“I wish everyone who knew me could know the sailing me!”
I posted this on Facebook today. It was one of those thoughts that popped into my head ready to publish, and didn’t require a lot of fact checking. As the day passed though, I found myself coming back to that thought. What makes the sailing me noteworthy, why do I prefer it to the geeky me, or the business me, or the city slicker me?
I think in large part sailing has brought me perspective. I lose that perspective if I spend too much time in the city, or at my job, or anywhere where a lot of people agree that certain things are important. I’m lucky that my job reinforces that saving the planet is important, I can get behind that, but it’s still not exactly the perspective that I get from sailing.
Sailing, for me, is:
…about family time. I see my kids when I’m sailing. I don’t mean that I don’t get to see them enough during the work week, I mean that, when I’m sailing, I. see. them. I see how incredibly witty and coy Miles is, and how clever and musical Ruby is. I realize that I’ve told Ruby to stop singing, and Miles to stop clowning about a dozen times, but really they are just doing what they are best at, and it’s awesome!
…about getting to know people. There are these two guys that I say hi to at least twice a day. They are friendly and look out for us and our kids, but I don’t really ever get to chat because I’m busy coming or going. Today, they are anchored a few boats away. We stopped by in the sailing dinghy on the way to play in the surf, and chatted… for the first time! Later, they helped us out when the dinghy tires needed air. I love that about this lifestyle, there are no excuses not to get to know your neighbors.
…about taking things slowly. Really slowly. Today’s schedule was: Make coffee; Eat breakfast; Sail Fatty; Clean Fatty; Halyard Jump & Swim; Walk on the Beach; Eat Dinner. That’s it. It took all day, partially because sailing fatty in 3 knots of wind is a time consuming prospect, but it was good!
…about not having much, but loving and leaning on the things I have. I love our boat. I love my computer. I love my camera. I love my uke and my guitar. I don’t have a lot of stuff, but I know WHY I have it all, and I never feel like it owns me (any more). When I lived in a giant house and had a ton of stuff (multiples of some) I always felt conflicted; “should I be playing my guitar instead of watching a movie on the home theater?” Now my stuff enables me, and I use it hard.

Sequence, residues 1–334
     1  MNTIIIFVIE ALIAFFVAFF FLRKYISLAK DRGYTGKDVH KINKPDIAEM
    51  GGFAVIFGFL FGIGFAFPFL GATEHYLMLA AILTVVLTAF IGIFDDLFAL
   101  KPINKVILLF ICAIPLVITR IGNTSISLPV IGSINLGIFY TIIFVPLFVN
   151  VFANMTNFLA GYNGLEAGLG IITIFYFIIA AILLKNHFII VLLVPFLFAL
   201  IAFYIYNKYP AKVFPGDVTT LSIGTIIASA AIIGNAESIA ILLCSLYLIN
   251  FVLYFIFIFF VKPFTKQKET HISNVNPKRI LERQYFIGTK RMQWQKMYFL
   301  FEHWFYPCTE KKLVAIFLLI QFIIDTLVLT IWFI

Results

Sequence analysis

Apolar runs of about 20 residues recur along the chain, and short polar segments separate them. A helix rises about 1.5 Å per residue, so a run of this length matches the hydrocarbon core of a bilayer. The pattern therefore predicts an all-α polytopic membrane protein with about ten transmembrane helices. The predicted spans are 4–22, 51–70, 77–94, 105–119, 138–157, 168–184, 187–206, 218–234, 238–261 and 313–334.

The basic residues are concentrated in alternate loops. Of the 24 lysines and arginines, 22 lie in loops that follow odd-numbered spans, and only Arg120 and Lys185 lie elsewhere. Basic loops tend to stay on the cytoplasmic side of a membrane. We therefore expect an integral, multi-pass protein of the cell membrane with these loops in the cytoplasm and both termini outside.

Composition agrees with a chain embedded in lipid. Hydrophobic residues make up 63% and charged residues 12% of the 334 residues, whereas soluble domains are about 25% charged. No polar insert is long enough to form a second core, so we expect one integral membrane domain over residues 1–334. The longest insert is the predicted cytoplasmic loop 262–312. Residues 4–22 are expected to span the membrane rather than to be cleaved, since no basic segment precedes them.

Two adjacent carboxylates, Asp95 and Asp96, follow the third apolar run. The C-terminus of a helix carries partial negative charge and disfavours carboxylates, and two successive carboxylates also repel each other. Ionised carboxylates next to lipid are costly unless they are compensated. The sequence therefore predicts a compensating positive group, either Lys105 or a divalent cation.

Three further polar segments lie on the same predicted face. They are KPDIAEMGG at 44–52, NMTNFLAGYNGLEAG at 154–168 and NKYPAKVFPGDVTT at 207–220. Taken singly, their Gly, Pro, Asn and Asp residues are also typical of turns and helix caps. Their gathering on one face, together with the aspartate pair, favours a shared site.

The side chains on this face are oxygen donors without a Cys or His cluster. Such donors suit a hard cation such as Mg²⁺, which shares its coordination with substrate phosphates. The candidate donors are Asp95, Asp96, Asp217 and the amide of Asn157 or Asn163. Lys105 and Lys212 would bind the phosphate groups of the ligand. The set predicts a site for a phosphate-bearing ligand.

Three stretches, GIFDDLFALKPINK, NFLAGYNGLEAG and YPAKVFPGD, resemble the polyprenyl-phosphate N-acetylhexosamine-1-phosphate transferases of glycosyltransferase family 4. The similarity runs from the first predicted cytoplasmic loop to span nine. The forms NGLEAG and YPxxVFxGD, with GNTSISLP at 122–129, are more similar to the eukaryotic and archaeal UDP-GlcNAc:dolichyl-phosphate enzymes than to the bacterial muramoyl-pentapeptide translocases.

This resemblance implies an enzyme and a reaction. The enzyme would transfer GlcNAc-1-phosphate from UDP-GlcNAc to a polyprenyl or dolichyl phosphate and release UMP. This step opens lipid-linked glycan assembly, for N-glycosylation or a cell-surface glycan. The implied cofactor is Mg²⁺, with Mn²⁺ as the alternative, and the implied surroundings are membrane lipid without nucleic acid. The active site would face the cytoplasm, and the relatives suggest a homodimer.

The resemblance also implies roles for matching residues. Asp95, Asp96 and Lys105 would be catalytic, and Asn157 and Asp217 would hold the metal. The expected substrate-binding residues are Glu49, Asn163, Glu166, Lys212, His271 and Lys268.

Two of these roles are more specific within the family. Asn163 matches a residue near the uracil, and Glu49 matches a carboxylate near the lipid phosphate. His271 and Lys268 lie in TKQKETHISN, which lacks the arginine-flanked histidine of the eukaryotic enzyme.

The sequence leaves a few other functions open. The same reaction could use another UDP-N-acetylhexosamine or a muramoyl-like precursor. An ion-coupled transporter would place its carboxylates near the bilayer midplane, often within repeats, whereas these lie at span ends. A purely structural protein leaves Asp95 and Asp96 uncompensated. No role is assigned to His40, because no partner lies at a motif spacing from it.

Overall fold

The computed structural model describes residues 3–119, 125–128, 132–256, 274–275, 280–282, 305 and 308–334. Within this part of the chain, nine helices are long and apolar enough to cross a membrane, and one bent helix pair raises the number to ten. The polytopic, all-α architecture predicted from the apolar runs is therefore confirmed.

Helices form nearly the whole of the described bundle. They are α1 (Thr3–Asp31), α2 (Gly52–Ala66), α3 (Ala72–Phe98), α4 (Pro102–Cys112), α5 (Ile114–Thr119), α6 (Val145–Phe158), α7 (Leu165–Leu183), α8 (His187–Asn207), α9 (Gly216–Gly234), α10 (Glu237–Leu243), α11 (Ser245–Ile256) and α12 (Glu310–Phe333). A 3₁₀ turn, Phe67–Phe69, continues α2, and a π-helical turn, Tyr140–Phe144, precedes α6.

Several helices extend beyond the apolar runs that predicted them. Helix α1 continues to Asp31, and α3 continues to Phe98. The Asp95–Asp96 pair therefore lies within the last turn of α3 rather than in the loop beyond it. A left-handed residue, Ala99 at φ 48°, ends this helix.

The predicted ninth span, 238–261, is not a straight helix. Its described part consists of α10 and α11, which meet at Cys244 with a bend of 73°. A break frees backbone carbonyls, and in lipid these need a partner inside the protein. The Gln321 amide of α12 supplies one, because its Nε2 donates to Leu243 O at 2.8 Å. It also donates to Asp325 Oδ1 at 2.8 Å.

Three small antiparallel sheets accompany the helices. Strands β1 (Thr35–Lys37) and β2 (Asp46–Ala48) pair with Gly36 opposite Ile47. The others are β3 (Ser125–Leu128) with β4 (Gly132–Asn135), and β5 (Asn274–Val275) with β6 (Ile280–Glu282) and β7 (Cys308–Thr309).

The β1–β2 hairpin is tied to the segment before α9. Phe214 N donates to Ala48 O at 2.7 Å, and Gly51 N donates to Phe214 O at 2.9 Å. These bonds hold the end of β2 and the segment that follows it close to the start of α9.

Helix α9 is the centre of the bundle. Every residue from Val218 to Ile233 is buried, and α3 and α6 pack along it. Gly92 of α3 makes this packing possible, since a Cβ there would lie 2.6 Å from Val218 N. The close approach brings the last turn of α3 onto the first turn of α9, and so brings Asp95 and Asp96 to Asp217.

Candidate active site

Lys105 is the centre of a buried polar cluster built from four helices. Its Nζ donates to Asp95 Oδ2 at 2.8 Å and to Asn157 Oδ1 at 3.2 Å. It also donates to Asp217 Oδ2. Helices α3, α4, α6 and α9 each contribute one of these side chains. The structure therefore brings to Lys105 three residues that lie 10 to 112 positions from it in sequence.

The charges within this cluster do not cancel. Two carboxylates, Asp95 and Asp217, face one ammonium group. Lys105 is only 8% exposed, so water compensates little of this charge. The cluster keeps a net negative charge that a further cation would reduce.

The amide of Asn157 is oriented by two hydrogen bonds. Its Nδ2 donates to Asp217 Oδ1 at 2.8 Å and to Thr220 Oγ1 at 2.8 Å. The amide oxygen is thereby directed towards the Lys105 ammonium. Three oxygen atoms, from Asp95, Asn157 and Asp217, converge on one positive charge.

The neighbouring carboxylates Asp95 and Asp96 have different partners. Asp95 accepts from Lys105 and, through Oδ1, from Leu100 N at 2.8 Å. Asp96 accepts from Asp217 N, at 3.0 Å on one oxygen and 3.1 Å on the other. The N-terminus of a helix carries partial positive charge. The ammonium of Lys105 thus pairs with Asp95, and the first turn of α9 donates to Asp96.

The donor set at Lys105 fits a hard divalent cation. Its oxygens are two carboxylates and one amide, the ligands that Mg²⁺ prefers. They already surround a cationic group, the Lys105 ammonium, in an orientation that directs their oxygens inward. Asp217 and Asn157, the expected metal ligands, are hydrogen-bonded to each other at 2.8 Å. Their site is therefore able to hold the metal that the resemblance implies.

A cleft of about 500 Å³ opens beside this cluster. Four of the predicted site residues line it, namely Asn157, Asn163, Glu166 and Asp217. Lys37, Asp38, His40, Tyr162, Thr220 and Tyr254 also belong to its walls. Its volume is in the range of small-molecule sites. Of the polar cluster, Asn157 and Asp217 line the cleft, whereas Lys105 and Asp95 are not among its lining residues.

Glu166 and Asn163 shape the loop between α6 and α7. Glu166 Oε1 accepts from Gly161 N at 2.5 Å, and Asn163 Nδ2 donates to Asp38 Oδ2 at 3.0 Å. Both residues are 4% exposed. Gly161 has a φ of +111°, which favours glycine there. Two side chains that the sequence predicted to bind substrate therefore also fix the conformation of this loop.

…about competence and immediacy. When I’m sailing, I know just what requires my attention at any time and I generally know how to handle it. Whether it is a refrigerator not refrigerating, or a squall on the horizon, or a kid with a nasty cut. The things that matter are clear and obvious, and the best course of action is, similarly, obvious. In our modern world, so few people ever get to experience this clarity, nor the feeling of competence that comes with really feeling like you are up to any challenge that life might throw at you.
Time to Sail Away?
Vick joked that she bought enough provisions for a weekend on Moreton Island or crossing the Indian Ocean. I won’t lie and say that a 24 day passage didn’t really sound appealing, it did. But I’m not done here. I love how Ruby’s ‘no’ and ‘home’ use all of the vowels (“Noaeiu”) and I want both kids to feel a little bit Australian before we leave (They sang We Are All Australian this morning, and it nearly made me cry). Vick and I have some deeper roots to sink here as well, and some money to save (any day now). But I do think that every trip out of the river breathes a little life back into me and reminds me where my values lie. Sailing is like coming home to me, coming home to myself.